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Basics of package.json

Kishore
Hey guys, I am a javascript developer since 3 yrs now. Love React, React Native. Working as a Front End Developer.
・3 min read

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Photo by Alfons Morales / @alfonsmc10 / Unsplash

If you have worked with any front-end applications which are related to node or npm there should be a file called package.json where we generally keep all the configurations related to our project. When I started working with Angular and React I was not much bothered about that particular file because that does not have direct intervention in my project. As a front-end developer, your main task is to make the look and feel as good as possible with high-performance keeping in mind. So why would I bother about package.json file?

But there are many cases where you have to modify some of the lines in that file. On that note, you have to have that knowledge so that you can play around with it.

I will be discussing some of the generic configurations which generally resides in package.json file. There could be any kind of information you can keep like testing related or your project-specific anything but we can't cover all of them because in that case list will never end.

Below is a sample example of package.json file

{
  "name": "sample-package",
  "version": "1.0.0",
  "description": "Sample example of package.json",
  "repository": "github_user/some_repo",
  "author": "reachtokish <patra.kishore65@gmail.com>",
  "license": "MIT",
  "private": false,
  "main": "dist/index.js",
  "module": "dist/index.es.js",
  "jsnext:main": "dist/index.es.js",
  "homepage": "Some repo example url",
  "bugs": {
    "url": "Some repo issues url"
  },
  "engines": {
    "node": ">=10"
  },
  "scripts": {
    "start": "parcel example/public/index.html",
    "build": "npm run clean && rollup -c",
    ...
  },
  "dependencies": {
    ...
  },
  "devDependencies": {
    ...
  },
  "peerDependencies": {
    ...
  },
  "files": [
    ...
  ],
  "alias": {
    ...
  },
  "jest": {
    ...
  },
  "keywords": [
    ...
  ]
}

Without much reading will directly jump to the list of options

  1. name - Name of the project. Very useful when you are building a library. In that case the package name will inherit this name.
  2. version - Useful to manage version of your project.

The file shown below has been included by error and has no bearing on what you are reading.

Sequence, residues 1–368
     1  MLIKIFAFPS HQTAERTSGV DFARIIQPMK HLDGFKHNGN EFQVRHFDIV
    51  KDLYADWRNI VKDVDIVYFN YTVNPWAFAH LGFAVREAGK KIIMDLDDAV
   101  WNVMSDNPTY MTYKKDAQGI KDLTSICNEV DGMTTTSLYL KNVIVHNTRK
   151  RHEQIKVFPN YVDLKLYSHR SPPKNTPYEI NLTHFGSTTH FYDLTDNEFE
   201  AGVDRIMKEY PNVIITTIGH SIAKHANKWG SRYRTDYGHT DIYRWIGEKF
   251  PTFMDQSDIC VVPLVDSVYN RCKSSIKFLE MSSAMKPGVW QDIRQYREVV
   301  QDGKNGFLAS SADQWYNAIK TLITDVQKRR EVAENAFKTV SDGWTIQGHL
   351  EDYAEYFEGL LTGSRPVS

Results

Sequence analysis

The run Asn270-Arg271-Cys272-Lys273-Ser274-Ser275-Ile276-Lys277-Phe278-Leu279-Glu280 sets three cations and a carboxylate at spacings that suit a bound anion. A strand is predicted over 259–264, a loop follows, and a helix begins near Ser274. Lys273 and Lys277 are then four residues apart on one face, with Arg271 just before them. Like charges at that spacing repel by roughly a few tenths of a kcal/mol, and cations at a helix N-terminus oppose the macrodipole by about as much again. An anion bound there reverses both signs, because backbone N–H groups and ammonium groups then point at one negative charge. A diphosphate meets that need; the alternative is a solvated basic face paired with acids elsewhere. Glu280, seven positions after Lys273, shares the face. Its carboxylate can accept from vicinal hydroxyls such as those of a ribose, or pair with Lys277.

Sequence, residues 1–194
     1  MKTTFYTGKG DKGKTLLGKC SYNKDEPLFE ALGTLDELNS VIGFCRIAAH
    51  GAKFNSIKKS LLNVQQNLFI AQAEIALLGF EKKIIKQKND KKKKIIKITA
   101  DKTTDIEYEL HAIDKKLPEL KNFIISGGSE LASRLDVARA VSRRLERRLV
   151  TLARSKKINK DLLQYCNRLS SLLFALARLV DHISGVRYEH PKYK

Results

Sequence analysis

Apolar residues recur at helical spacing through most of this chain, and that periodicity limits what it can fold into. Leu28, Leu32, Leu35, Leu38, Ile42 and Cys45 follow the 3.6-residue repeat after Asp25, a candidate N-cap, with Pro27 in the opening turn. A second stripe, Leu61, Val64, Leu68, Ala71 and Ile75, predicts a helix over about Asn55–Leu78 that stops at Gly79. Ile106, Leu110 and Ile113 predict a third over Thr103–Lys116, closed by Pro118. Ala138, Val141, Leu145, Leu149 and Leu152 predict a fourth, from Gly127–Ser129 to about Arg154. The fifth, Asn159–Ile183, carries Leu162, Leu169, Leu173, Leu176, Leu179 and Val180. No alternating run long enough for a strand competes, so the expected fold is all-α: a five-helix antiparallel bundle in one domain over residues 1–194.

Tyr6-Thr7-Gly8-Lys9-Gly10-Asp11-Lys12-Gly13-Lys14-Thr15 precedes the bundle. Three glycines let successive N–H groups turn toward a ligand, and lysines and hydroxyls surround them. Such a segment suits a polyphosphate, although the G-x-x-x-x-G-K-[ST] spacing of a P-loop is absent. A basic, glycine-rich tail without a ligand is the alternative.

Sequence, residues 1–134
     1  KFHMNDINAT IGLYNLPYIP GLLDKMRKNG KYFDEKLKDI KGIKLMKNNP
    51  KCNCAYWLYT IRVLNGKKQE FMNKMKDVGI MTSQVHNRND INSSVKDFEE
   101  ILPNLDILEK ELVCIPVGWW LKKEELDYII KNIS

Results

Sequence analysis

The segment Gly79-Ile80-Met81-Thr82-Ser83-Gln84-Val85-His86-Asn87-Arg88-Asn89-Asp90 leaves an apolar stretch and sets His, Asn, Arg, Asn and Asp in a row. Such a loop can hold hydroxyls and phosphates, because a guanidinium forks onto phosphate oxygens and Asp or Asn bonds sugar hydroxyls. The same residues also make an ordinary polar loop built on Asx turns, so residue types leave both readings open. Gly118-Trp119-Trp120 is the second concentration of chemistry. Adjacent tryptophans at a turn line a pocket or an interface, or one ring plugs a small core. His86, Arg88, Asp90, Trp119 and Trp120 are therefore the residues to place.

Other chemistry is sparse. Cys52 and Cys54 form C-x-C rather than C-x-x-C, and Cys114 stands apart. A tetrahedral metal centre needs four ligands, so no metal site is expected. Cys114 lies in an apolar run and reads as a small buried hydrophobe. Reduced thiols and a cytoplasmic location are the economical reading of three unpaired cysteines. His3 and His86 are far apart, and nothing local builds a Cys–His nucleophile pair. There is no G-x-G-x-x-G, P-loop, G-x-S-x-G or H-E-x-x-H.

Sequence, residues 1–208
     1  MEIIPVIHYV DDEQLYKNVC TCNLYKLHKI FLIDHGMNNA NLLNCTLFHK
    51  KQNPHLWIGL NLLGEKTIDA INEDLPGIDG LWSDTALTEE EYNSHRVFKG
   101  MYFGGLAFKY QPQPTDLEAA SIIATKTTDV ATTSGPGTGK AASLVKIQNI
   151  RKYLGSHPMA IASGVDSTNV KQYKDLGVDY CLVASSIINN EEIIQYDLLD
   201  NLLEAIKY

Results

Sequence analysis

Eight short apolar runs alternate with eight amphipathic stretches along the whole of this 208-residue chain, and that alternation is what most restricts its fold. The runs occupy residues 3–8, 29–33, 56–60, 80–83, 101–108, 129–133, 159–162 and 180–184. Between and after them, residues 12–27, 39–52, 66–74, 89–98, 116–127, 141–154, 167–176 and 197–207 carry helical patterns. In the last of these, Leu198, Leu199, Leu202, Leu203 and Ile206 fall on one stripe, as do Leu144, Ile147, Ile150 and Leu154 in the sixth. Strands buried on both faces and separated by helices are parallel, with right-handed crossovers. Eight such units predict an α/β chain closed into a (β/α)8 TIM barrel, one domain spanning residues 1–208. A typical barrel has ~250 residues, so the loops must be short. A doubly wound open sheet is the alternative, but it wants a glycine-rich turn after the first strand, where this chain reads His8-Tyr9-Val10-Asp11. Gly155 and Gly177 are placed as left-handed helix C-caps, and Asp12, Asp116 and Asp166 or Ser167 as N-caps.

3. description - Specify the description related to your project.
  4. repository - Which repository this project belongs to.
  5. author - Author or the maintainer of the project.
  6. license - There are various types of licenses like MIT, Apache, MPL, and many more. Based on your project you can specify licenses here.
  7. private - If you are building an enterprise application which should not be open for public in that case you can make this value to true or else if you are building a library which will act as an open-source project in that case you can make it as false. Npm will prevent to publishing package if the private value is true.
  8. main - The main field is a module ID that is the primary entry point to your package.
  9. module - This is used by bundler tools for ESM (ECMAScript Module) detection.
  10. jsnext:main - Module bundlers that utilize tree shaking to reduce bundle sizes, like Rollup and Webpack 2, require packages to expose ES Modules with import and export.
  11. homepage- If you see any npm package page you will see a homepage section on the right of that page. Whatever link you will see there it takes from this homepage property.
  12. bugs - Same like homepage there is an issue section. It takes this URL.
  13. engines - You can specify the version of node that your stuff works on.
  14. scripts - You can specify various commands like build, start, etc.
  15. dependencies - To specify packages that your project is dependent on.
  16. devDependencies - To specify development packages which your project is dependent on.
  17. peerDependencies - This comes especially when you are developing a library where your package needs exact versions of packages mentioned in peerDependencies.
  18. files - This is used to give information to npm that allows it to identify the project as well as handle the project's dependencies.
  19. keywords - A collection of keywords to identify a package.

Conclusion

This is very much important to know the basics when you are building something. And package.json holds a lot of basic configuration which has a potential value for our project. There are a lot of other options you can configure using package.json which I could not cover as the list will never end so whenever you are getting a new term just do google it.

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